Prepared by Elisabeth Lindsay.
A potter's field is place of burial for people within a community who die and are unknown and without kin; or for those who are poor and without the resources for paid burial. The term derives from the Bible and refers to a field that of such poor quality it is suitable for nothing but making potter's clay. Perhaps the most famous potter's field is Arlington National Cemetery, in Washington D.C., which started out as a potter's field during the Civil War. In some cases the potter's field may be adjacent or in close proximity to a regular cemetery; or it may be in a place specifically set apart. Potter's fields may also be found in close proximity to mental institutions, orphanages, or other institutions that did not have their own cemeteries. It's likely that a potter's field would have been neglected and headstones, if present at all, would be rustic or made by hand.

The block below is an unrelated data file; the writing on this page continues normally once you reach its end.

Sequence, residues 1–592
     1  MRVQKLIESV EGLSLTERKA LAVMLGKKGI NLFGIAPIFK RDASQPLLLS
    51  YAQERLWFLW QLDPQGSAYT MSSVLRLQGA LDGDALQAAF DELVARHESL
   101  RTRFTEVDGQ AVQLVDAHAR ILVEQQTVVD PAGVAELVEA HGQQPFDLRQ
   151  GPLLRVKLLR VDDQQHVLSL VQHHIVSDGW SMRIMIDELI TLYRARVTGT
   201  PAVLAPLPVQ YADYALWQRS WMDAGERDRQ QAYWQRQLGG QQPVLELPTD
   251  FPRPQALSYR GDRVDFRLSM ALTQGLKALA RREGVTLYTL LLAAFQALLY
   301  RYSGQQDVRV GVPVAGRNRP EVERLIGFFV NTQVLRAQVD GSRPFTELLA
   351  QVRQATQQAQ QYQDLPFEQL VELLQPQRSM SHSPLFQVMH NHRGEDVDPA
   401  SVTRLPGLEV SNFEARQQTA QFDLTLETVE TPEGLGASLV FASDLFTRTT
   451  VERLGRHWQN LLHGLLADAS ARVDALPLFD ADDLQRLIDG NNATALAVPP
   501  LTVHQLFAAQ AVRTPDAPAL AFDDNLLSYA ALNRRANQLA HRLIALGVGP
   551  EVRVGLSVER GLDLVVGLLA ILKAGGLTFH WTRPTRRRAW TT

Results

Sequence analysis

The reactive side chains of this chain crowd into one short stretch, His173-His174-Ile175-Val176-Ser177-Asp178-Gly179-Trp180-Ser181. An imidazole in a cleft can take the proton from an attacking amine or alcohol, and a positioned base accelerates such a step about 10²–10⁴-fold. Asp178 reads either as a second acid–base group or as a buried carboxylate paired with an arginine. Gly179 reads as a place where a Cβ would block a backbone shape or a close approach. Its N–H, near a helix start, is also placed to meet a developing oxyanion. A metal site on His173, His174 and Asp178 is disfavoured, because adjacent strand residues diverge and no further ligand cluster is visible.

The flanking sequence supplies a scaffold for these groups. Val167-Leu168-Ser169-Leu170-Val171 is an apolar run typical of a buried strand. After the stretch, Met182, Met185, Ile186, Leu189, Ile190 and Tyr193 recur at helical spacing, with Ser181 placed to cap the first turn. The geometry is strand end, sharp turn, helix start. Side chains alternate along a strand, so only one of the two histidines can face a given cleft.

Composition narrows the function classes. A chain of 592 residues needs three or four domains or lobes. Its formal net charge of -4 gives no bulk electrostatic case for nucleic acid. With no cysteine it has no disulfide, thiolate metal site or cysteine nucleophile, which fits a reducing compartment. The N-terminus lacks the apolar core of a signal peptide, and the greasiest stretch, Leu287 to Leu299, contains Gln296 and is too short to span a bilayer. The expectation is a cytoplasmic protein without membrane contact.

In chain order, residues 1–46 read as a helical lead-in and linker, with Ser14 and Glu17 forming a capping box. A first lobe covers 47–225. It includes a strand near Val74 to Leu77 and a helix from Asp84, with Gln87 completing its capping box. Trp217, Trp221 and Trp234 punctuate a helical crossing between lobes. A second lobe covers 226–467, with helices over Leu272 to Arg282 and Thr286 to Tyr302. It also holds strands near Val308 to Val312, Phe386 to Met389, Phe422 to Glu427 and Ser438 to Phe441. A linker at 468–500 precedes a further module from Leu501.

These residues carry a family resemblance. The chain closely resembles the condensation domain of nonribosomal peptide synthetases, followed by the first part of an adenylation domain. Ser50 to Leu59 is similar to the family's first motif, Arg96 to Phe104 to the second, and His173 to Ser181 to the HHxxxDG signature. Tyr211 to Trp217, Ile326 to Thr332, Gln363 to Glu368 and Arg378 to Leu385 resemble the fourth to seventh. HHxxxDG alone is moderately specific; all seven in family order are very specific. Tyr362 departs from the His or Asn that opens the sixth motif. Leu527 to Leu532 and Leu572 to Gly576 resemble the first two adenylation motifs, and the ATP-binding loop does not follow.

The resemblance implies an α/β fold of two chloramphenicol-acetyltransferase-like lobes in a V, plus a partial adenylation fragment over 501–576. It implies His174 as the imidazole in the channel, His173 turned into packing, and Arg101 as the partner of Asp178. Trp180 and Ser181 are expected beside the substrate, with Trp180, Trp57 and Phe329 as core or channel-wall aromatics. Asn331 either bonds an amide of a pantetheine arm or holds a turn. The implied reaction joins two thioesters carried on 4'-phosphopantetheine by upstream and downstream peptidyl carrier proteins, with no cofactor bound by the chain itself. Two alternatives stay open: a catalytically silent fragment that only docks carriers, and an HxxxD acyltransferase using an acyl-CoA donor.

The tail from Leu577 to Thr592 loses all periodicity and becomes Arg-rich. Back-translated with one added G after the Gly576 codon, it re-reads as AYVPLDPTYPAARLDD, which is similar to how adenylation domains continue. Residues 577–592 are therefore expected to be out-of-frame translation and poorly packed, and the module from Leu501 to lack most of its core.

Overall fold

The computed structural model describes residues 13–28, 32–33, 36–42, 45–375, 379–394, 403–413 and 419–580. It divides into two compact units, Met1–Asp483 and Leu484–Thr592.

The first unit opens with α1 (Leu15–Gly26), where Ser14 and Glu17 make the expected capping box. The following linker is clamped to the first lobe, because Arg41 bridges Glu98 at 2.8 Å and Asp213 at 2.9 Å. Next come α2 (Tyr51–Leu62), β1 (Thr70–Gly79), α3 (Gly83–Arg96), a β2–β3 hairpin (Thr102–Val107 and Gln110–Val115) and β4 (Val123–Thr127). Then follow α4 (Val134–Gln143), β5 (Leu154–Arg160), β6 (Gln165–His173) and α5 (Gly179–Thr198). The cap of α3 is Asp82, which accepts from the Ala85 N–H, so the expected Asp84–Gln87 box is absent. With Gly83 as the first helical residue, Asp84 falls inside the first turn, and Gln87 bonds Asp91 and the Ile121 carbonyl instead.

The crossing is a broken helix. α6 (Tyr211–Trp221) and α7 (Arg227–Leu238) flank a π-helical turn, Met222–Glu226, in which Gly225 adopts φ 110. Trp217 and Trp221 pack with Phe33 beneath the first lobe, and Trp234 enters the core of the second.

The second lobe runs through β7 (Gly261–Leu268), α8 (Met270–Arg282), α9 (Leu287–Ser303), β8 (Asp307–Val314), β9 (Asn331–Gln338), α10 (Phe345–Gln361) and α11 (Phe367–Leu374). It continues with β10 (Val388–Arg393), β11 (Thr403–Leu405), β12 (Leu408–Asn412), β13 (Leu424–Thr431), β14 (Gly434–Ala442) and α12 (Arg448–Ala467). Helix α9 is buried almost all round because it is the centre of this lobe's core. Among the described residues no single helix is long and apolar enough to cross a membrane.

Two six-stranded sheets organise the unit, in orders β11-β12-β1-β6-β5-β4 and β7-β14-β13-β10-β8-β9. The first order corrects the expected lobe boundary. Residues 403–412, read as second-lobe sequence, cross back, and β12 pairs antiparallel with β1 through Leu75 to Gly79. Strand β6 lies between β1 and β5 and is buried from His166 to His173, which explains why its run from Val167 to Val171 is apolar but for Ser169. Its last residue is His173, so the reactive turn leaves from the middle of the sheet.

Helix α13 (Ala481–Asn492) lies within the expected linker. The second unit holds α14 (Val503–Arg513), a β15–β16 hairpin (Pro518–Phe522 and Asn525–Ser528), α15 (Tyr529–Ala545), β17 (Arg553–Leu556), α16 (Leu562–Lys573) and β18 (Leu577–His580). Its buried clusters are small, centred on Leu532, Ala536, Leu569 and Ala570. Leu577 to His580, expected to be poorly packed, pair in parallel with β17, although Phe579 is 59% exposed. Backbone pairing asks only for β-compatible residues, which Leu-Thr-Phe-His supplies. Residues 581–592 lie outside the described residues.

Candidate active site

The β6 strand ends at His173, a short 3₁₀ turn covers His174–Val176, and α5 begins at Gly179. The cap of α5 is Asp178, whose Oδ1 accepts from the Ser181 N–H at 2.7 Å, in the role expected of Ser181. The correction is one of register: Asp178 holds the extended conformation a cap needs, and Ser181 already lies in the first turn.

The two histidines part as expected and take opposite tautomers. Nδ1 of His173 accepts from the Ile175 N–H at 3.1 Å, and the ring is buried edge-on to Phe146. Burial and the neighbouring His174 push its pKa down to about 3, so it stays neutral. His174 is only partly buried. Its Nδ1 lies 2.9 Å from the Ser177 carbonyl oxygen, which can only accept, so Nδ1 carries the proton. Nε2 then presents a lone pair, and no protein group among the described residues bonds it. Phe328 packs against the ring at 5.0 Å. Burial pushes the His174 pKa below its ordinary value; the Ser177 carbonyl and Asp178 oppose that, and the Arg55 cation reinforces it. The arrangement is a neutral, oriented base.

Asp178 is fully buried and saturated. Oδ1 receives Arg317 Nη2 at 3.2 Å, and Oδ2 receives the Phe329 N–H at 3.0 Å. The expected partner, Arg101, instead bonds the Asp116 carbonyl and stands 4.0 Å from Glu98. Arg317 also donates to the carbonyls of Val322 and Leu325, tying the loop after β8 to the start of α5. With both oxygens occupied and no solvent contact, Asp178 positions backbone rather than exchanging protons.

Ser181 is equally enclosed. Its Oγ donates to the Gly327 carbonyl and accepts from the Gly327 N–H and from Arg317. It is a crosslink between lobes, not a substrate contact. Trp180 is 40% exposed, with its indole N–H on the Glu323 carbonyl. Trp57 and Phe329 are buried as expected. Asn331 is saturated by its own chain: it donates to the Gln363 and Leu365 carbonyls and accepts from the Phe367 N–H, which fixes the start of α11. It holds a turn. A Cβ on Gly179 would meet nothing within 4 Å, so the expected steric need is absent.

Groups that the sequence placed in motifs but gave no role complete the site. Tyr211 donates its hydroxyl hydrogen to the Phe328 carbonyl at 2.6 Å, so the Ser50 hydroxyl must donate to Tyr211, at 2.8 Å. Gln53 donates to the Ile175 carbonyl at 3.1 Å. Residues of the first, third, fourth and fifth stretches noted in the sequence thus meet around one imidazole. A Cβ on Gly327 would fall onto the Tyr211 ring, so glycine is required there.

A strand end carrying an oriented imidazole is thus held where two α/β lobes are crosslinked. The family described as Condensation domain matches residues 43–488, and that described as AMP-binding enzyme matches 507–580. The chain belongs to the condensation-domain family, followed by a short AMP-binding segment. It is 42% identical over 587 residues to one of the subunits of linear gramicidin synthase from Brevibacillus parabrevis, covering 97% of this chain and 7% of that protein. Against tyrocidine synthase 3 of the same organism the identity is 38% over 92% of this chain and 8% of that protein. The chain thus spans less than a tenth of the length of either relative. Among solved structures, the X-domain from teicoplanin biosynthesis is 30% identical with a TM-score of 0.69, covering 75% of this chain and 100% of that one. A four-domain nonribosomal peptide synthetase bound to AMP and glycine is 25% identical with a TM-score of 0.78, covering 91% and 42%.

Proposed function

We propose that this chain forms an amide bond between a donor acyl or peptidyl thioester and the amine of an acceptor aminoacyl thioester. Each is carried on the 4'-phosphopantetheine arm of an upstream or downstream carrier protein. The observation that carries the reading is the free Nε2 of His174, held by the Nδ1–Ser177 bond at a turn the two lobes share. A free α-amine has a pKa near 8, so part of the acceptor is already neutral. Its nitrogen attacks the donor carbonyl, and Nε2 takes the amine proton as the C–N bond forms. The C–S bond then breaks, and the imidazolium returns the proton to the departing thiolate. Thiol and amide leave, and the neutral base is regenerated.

The greatest challenge for researchers is the severe lack of information about those buried in a potter's field. The records of some institutions may indicate when and where an inmate was buried. The existence of a potter's field within a community may often be determined through local area research.